By Rupert Birkett-Eyles, Luke Cromhout, Harry Merrell and Lilly Khaokham
The low traffic neighbourhood project in Tower Hamlets is to be scrapped after the decision was narrowly backed by councillors amid shouts of ‘vermin’ from the public gallery.
The decision came despite a strong warning from more than 80 headteachers of primary and secondary schools across the borough of the ‘negative impacts’ on young people. In an open letter to Councillor Musthak Ahmed, chair of the Overview and Scrutiny Committee they said: “The council’s own equalities impact assessment […] flagged that the mayor’s decision would have particularly negative impacts on young people, a protected characteristics group, due to the increase in road danger, pollution and discouragement for walking and cycling”.
The Overview and Scrutiny Committee had the option to conduct a full review of Mayor Lutfur Rahman’s plan in light of public and opposition support for the initiative.
No member of the Aspire party was present at the debate on the Aspire party’s decision to scrap the scheme, with Labour criticising Rahman and councillor Kabir Hussain, the cabinet member for environment, for failing to show up.
Labour councillor Asma Islam said: “There is absolutely no political representation for this call-in. This is clearly a political decision”.
Labour councillor Marc Francis told the meeting: “Politicians shouldn’t hide behind paid members of staff.” Francis said the vote was evidence of a failure of the Overview and Scrutiny Committee itself which was failing in its aim of being transparent and accountable.
The Deputy Statutory Mayor, and three cabinet members observed from the public gallery rather than face questions directly.
Rahman’s decision to roll back the LTNs, which involves road closures and other traffic calming measures around Tower Hamlets was backed by the OSC by four votes to three, split along party lines.
Once the vote was cast, the gallery emptied, with members of the public shouting, “Shame on you!” and “Vermin!” at the Aspire members who voted against reviewing Rahman’s decision.
Asma Begum, also a Labour councillor, said after the vote: “Matters coming before the committee should not be prejudged. Members should not be whipped. We all asked for evidence to back up the mayor’s decision, but they still voted in favour. I’m sorry, I can’t get any more political than that.”
Eastlondonlines approached the council officers and Aspire councillors, all of whom refused to comment.
The absence of any representative from the cabinet has raised questions on the role of the committee.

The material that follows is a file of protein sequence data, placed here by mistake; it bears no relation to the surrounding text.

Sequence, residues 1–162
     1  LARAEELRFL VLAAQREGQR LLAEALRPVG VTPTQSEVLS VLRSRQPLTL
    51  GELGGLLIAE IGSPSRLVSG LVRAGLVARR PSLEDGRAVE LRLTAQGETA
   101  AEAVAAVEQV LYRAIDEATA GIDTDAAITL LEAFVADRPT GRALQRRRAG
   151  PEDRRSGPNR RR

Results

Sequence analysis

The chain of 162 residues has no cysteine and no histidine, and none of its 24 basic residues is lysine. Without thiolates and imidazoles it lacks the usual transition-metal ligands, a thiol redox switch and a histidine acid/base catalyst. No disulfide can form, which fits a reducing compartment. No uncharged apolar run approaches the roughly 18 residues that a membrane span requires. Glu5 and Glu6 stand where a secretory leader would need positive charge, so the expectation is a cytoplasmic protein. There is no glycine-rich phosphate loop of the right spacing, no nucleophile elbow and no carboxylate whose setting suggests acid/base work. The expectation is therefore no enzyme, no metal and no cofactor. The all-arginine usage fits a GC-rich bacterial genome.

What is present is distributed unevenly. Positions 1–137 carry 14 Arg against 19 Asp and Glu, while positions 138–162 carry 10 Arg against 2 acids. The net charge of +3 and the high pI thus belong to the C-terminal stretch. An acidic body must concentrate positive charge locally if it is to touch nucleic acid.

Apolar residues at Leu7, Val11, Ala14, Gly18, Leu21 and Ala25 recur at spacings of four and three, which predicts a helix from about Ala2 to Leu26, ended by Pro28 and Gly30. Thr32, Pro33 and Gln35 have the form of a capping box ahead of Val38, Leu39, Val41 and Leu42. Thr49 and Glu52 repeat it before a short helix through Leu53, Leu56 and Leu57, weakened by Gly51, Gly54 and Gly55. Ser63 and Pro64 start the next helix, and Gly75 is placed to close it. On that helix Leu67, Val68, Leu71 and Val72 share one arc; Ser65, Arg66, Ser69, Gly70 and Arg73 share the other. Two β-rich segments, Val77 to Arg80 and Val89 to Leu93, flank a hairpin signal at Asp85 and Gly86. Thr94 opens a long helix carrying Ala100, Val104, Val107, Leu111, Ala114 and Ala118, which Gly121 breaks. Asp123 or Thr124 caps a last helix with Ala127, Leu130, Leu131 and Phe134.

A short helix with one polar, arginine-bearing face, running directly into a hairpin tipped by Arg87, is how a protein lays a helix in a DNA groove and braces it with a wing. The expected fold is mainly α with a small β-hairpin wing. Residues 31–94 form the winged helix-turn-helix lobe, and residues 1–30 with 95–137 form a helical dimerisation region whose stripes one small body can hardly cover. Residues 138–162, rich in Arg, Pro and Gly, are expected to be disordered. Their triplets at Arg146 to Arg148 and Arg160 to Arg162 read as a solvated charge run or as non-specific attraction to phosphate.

Councillor Asma Begum said: “The decision is two fingers to the committee and two fingers to the residents. It’s really bad democracy.”
Liveable Streets is a low traffic neighbourhood project introduced by Labour in 2019. In phase one of the scheme, LTNs were introduced in Bethnal Green and Weavers. The project was intended to cover 60 per cent of the borough, but all four phases have since been scrapped.
The project was designed to improve ‘community cohesion’ and create a safer environment for children.
The letter from headteachers follows an earlier letter in January 2023 from head teachers from five of the ‘most affected’ primary and secondary schools in Bethnal Green: Oaklands, Lawdale, Elizabeth Selby, Virginia and Columbia. The letter backed current street layouts and expressed their concerns over the rollback’s impact on the health and safety of children.
The letter said: “Please reconsider your proposal and work with us and other stakeholders and the wider community […] Don’t go back to square one. Look to improve what is already there.”
LTNs are intended to make streets safer, more pedestrian and cyclist friendly, reduce air pollution and reduce anti-social behaviour.
Rahman’s Aspire party won control of Tower Hamlets Council in May 2022 and the mayor was elected on a pro-motorist mandate.
The council announced it would scrap the LTN scheme last month, saying it would find “less divisive ways to achieve cleaner air”.
But the removal of the scheme has proven controversial. Lengthy and expensive consultations, which cost £181,000, showed 57.3 per cent of Tower Hamlets residents want to keep Liveable Streets and 41.7 per cent are in favour of removal.
A council officer said that Rahman’s decision on September 20, 2023, to roll back the scheme “did not disregard the results of the consultation”. But Labour believes it was “a missed opportunity to bring the community together”.
A resident of Tower Hamlets, speaking outside of the committee meeting, said the vote is: “Disappointing. The residents’ opinions have been disregarded, absolutely.”